By themselves, warts of a viral nature, as a rule, do not transform into malignant formations. Only a wart in combination with a mole can be reborn, but this is a special case.

Rehabilitation of a frog
A common myth regarding warts is their appearance from touching a frog. The formation of warts is associated exclusively with the papilloma virus, so frogs have absolutely nothing to do with it. 🙂


  • One of the types of warts – common warts . As a rule, they are quite small, dense, they are immediately visible on the body. These warts most often appear on the back of the feet and on the hands.Their development begins with one maternal wart, and then new ones appear from it.
  • Palmar-plantar warts stand out according to their location. Such formations are the most difficult to treat. The soles have the densest skin, and the roots of the warts penetrate through all its layers into the depths. These warts are often painful as they are trampled inward when a person walks. Plantar warts have been around for a long time, and people often mistake them for calluses.In fact, it turns out that this is a wart that has grown deep inside and its treatment takes a long time.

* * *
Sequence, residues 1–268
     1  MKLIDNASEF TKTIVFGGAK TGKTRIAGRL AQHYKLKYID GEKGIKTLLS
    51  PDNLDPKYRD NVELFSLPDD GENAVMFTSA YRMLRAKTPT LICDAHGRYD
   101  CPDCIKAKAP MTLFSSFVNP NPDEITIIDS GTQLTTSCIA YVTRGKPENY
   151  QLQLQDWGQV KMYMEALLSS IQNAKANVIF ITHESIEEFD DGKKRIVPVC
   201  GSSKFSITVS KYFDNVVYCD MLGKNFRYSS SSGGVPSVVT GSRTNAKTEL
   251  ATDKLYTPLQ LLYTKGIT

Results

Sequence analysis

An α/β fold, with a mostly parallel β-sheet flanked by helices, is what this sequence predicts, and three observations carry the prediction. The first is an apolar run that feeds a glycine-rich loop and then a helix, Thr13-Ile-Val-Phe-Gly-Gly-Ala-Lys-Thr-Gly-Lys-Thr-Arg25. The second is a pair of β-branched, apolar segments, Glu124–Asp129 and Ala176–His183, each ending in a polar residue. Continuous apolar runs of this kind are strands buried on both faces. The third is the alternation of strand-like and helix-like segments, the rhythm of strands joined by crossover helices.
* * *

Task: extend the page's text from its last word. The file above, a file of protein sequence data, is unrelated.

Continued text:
• Flat warts are named for their appearance. Such formations are the most delicate, they appear on thinner skin – on the face, on the lips, on the mucous membrane – and can spread throughout the body. Flat warts are the easiest to remove.

Warning, danger!
Today, the growing popularity of fitness clubs contributes to the spread of the human papillomavirus.Many visitors are not properly examined by a doctor and are carriers of the disease. And healthy people can easily pick up an infection through microtrauma.


The principle of all methods aimed at removing warts is the same – it is necessary to destroy the formation along with the roots. Today, a variety of methods are used to treat warts. Doctors use liquid nitrogen cryodestruction, electrocoagulation, radio wave and laser methods.Acid-based fluids are also used.

The effectiveness of these methods depends on the location of the warts, their number and duration. Flat warts cannot be removed by aggressive methods, such as a laser, as there is a risk of scarring. When removing plantar warts, it is important to consider that the person can walk quickly after surgery.
To date, there are no drugs that would completely destroy the virus itself. Human papilloma is constantly in the blood.Anyone who has had warts at least once in their life cannot be guaranteed that they will not appear again. Therefore, it is better to come to the doctor with a small wart than to delay the visit and wait for a relapse and the appearance of many new formations. With the help of a special examination, doctors will find out why the immune system is not fighting the virus. After that, a whole complex of treatment for the whole body will be prescribed, in parallel with which specialists will remove the warts themselves.